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Two documents released last week on sexual abuses in the Catholic Church in Australia and in Peru seem to show very different responses to the problem of historical sexual abuses. The Australian Royal Commission into Institutional Responses to Child Sexual Abuse was formally established in 2013, and it has been examining abuse by Catholic clergy and the responses of various Catholic authorities. Its report, titled "Proportion of priests and non-ordained religious subject to a claim of child sexual abuse 1950-2010" (February 2017), gives a clear sense of the scale.
The figures suggest about 30% of alleged perpetrators were priests, 32% were religious brothers, 29% were lay people, 5% were religious sisters, and for 4% the religious status was not known. The total proportion of priests ministering in Australia who have been alleged as perpetrators of sexual abuse since 1950 is 7%.
Some religious orders have a much higher proportion of allegations, including 40% for the St John of God Brothers, and 22% for the Christian Brothers. Others have relatively low figures, such as the Dominicans at 2%.
The report was undertaken with the assistance of the Catholic Church authorities (archdioceses, dioceses and religious orders) and the Truth, Justice and Healing Council.
The council is a church body which co-ordinates the church’s response to the commission. The council has stated its commitment to recognising and acknowledging the crimes of the past and the devastating harm caused by child sexual abuse. In a response to the release of the report on February 6, Francis Sullivan, a spokesman for the council, publicly described the abuses as shocking and indefensible. He said Catholics "hang our heads in shame’’ at such a report, but it is "a history that must be told and reckoned with". A similar openness to truth and a willingness to confront the challenges is strangely absent in the other document released last week. This is a Vatican letter from the Congregation for Institutes of Consecrated Life and Societies of Apostolic Life. It is dated January 30, 2017, but only became public on February 10. The long-awaited letter recommends sanctions against Luis Fernando Figari, the founder of Sodalitium Christianae Vitae (known as Sodalicio) in Peru, but its leniency has shocked and surprised many familiar with the case. Mr Figari has been banned from returning to Peru, or speaking to journalists, but allowed to remain in Rome without further sanction.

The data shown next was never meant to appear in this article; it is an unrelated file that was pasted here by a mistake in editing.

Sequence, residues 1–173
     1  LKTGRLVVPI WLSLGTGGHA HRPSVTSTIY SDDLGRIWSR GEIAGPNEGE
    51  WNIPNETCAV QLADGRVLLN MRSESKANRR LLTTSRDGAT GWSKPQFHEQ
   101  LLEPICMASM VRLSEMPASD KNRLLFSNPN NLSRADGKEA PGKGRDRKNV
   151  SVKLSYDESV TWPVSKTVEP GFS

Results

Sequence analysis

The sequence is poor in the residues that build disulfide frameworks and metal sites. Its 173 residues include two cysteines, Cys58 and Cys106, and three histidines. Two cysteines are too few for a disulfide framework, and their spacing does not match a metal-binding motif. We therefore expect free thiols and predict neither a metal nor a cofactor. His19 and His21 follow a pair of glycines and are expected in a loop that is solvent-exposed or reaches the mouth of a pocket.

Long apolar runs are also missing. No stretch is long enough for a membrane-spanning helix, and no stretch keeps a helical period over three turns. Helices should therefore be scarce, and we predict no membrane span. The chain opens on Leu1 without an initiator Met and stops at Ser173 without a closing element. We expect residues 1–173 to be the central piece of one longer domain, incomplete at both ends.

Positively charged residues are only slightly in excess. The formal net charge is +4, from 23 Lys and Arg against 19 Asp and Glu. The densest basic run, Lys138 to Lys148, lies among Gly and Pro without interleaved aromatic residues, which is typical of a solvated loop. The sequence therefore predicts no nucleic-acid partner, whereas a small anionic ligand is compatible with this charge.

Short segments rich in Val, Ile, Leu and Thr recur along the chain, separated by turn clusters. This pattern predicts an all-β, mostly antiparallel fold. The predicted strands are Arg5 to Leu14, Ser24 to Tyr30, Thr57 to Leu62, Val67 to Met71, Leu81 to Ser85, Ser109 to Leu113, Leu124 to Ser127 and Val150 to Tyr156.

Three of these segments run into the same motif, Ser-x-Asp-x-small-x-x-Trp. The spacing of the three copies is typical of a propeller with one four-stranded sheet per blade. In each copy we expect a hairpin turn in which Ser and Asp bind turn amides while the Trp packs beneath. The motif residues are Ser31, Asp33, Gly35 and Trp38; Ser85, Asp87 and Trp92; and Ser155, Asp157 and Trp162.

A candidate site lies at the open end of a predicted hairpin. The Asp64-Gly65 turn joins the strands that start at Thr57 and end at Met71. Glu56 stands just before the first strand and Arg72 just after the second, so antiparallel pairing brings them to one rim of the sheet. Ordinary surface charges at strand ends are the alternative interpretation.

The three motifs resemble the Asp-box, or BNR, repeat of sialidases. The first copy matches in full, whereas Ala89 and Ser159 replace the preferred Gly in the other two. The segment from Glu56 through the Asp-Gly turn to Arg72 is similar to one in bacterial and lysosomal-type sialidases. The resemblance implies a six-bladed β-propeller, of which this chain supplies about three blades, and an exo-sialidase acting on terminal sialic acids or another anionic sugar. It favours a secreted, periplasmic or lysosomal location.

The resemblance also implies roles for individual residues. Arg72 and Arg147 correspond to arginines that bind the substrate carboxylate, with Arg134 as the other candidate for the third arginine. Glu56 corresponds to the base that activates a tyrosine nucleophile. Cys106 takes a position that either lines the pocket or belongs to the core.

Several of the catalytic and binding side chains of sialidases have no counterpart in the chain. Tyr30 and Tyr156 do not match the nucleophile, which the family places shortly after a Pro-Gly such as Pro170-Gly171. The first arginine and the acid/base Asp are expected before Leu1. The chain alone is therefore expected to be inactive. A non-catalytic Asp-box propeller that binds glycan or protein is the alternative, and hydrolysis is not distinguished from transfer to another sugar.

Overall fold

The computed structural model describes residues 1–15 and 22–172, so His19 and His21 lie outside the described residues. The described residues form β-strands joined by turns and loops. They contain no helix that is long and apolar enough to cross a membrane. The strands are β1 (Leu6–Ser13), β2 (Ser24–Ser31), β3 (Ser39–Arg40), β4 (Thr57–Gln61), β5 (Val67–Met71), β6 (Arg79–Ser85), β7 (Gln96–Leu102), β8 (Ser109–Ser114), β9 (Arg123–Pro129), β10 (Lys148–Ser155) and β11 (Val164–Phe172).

Mr Figari founded Sodalicio in 1971 as a society of Apostolic Life within the Catholic Church. Although most of Sodalicio’s members are lay Catholics (including Mr Figari), the society also includes clergy. In 2010, Pedro Salinas, a journalist and a former Sodalicio member, accused Mr Figari of physical, psychological and sexual abuse. In late 2010, Mr Figari resigned as superior of Sodalicio "for health reasons" and was sent to Rome. In 2015, Mr Salinas published a book that included testimonies of abuse by senior figures in Sodalicio. It was only at this point the new leadership of Sodalicio admitted the allegations against the founder were "plausible" and made a public apology. Sodalicio have currently recognised 66 victims and set aside a fund of nearly $NZ4million for reparations.The events are now beyond the statute of limitations for criminal prosecution, but the Vatican’s investigation was expected to lead to severe church sanctions against Mr Figari, in keeping with the church’s public declarations on taking sexual abuses seriously.
The congregation’s letter describes Mr Figari’s behaviour as a serious sin, but then minimises its severity by addressing it as violating the sixth of the Ten Commandments (on adultery) rather than identifying the problem clearly as sexual abuse. It acknowledges there is certainty Mr Figari was responsible in at least one case in 1974 for sexual abuse with a child under the age of 16. However, it claims it could not be sure with "moral certainty" that other examples involved violence.
The case is complicated because Mr Figari is a layman not a priest, but the letter leaves a lot of questions unanswered about what the Vatican has learnt in the last two decades on how to handle sexual abuse claims.
A serious failure in the congregation’s investigation was that it did not look at the testimonies in the Salinas book or listen directly to the victims.
During 2016, the Centre for Theology and Public Issues at the University of Otago interviewed a small group of male victims who experienced physical, psychological and sexual abuses by leaders of Sodalicio.
The men are now middle-aged and the abuses happened when they were teenagers and young men. However, it is clear the abuse had a profound impact on their lives. The feeling of betrayal was particularly damaging to their sense of trust and future friendships.
Listening to testimonies like this is not easy reading, and is not appropriate for younger readers. Nonetheless, it is essential those who were subjected to abuses have an opportunity to say what happened, and it is important for the wider church to hear this. Their voices help to show the human impacts they experienced. The Royal Commission and the Truth, Justice and Healing Council in Australia seem to be a long way ahead of the Vatican Congregation in making sure these voices are heard and taken seriously. [The report on Sodalicio by Rocio Figueroa and David Tombs is available as "Listening to Male Survivors of Sexual Abuse" at http://www.otago.ac.nz/ctpi/projects. (Reader discretion is advised).]
- David Tombs is the director of the Centre for Theology and Public Issues at the University of Otago